Rafael Castellanos Makes an Urbanist Pitch for City Attorney

Politics UNVEILING THE UNSEEN

Special Podcast: Rafael Castellanos Makes an Urbanist Case for City Attorney

Rafael Castellanos is making a clear, land-use, urbanist case for his campaign to become the next city attorney.

Rafael Castellanos has not been in San Diego long. He moved here nine years ago. He wanted a walkable neighborhood and chose the East Village.

He’s a commercial attorney who specializes in helping developers get their projects from idea to groundbreaking.

And he is making a clear, land-use, urbanist case for his campaign to become the next city attorney.

Land-use decisions, development and construction projects are the heart of City Hall and he’s just the guy to make sure they get done, he says.

“That’s sort of the bread and butter of any municipality of any sort of local government is getting projects completed successfully. That’s sort of the meat and potatoes of the city — planning. You would think that you would want your general counsel your city attorney to have expertise in those areas,” he said.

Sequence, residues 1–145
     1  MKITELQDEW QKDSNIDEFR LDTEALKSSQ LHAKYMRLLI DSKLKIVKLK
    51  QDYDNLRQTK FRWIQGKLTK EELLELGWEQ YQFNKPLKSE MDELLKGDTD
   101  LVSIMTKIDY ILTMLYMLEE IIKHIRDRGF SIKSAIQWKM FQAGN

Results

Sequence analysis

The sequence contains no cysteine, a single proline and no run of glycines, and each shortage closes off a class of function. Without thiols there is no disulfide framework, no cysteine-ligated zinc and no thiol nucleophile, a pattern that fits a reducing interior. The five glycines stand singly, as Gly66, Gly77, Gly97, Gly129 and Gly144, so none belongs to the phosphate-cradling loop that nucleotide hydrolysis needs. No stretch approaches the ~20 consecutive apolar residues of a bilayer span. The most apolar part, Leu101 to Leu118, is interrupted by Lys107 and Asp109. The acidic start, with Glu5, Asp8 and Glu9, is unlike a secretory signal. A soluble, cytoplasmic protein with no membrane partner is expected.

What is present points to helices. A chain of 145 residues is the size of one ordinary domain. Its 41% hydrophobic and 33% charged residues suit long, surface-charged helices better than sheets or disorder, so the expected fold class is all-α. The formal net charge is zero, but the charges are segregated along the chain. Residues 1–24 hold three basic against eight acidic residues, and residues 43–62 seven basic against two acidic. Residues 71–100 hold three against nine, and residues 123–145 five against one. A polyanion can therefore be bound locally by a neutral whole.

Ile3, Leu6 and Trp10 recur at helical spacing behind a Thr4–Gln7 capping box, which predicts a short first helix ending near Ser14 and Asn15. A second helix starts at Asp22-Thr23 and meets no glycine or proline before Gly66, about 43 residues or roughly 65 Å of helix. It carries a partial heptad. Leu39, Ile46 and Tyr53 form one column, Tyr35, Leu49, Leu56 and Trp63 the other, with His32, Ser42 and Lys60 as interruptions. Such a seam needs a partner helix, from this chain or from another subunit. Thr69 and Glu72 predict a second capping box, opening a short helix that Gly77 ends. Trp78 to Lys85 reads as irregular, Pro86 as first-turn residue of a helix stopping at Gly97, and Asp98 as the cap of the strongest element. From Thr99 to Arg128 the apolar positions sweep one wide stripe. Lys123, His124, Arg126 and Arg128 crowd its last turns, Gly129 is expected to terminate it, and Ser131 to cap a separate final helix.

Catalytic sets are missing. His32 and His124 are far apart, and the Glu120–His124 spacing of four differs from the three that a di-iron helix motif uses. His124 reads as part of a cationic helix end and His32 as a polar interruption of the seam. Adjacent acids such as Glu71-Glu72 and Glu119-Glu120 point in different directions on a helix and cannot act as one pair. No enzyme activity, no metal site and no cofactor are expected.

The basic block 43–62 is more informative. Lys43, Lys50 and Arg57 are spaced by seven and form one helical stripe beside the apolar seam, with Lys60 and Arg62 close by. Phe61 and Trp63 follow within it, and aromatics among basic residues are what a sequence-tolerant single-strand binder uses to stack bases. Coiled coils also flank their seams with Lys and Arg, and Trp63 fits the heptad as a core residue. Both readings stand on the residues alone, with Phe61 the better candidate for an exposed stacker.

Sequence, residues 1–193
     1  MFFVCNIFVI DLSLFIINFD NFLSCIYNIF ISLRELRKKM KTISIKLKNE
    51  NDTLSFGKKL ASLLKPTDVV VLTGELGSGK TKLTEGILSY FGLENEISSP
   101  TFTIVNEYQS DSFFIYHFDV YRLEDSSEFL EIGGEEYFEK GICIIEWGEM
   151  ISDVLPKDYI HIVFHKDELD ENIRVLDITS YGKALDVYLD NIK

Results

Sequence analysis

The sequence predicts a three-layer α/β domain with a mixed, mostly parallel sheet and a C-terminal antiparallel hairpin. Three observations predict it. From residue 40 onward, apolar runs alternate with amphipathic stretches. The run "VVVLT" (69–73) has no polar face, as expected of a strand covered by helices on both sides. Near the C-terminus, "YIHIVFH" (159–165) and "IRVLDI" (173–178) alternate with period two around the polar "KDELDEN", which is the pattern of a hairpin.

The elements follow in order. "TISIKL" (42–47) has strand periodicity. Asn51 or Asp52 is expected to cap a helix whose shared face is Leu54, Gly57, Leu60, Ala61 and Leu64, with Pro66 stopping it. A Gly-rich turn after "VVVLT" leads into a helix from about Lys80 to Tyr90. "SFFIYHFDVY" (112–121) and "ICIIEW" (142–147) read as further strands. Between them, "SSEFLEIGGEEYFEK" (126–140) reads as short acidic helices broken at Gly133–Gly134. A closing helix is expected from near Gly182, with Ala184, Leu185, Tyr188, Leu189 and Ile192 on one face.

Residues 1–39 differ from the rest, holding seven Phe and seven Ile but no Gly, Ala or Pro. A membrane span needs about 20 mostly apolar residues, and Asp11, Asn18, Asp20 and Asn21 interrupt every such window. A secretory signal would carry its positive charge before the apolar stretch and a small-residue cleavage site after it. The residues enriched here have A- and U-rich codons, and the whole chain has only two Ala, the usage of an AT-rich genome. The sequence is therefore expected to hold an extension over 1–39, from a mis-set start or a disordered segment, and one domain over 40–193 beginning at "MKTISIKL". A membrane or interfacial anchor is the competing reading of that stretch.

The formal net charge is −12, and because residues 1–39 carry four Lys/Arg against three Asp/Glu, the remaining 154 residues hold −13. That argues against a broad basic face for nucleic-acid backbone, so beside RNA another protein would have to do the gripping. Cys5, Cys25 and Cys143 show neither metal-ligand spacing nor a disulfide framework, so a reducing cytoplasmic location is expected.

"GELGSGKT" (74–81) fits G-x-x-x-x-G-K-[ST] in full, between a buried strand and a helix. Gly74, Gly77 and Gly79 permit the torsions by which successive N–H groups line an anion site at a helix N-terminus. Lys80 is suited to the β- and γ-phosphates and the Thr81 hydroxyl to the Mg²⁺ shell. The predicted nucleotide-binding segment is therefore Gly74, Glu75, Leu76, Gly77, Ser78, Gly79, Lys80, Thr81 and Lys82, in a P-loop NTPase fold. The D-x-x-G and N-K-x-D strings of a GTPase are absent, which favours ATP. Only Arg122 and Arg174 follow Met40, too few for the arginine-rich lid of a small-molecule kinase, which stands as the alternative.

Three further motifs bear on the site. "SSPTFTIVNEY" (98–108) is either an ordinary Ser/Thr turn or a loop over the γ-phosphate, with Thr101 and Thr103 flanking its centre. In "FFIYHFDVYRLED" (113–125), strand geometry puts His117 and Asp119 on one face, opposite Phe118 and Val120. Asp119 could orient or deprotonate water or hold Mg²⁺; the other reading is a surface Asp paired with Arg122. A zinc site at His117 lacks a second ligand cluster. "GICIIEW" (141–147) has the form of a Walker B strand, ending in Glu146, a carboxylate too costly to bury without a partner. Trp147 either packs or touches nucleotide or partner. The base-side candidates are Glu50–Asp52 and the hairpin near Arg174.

Castellanos was the latest to sit down with me for an hour-long conversation on his background and to make his case for being elected city attorney. See my interview with his Democratic rivals Mara Elliott and Gil Cabrera. I’ll be sitting down with Republican Robert Hickey in November.

Castellanos said that having someone with land-use expertise is crucial as the city deals with a growing population and tries to build the kind of smart-growth projects millennials want.

“I think it’s really, really important right now when millions of dollars are at stake and people’s way of life, that we have some subject matter expertise in the leadership of the office,” he said.

Castellanos told the stories of his parents’ immigration from Mexico and how he was a law student in Barack Obama’s class. He also addressed my question about a sexual harassment lawsuit he and his law firm faced.

Listen to the podcast here, on Stitcher or on iTunes.

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